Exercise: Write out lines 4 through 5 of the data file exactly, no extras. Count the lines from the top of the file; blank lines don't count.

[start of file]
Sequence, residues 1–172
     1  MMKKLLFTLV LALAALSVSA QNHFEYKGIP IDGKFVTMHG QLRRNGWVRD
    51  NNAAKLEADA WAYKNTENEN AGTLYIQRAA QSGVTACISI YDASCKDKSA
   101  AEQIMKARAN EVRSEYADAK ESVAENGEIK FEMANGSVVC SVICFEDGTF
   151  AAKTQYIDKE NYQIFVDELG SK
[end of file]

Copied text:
   101  AEQIMKARAN EVRSEYADAK ESVAENGEIK FEMANGSVVC SVICFEDGTF
   151  AAKTQYIDKE NYQIFVDELG SK